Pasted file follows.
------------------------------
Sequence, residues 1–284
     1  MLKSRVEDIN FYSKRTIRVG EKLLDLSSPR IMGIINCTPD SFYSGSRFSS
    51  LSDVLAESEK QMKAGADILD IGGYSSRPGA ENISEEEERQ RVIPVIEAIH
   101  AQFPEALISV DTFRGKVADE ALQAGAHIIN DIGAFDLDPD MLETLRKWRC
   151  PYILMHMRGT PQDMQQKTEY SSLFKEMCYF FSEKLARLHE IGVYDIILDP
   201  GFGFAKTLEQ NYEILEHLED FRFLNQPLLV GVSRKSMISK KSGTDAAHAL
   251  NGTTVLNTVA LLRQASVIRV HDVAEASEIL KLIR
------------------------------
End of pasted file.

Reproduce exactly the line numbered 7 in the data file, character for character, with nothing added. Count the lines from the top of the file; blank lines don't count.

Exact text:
   251  NGTTVLNTVA LLRQASVIRV HDVAEASEIL KLIR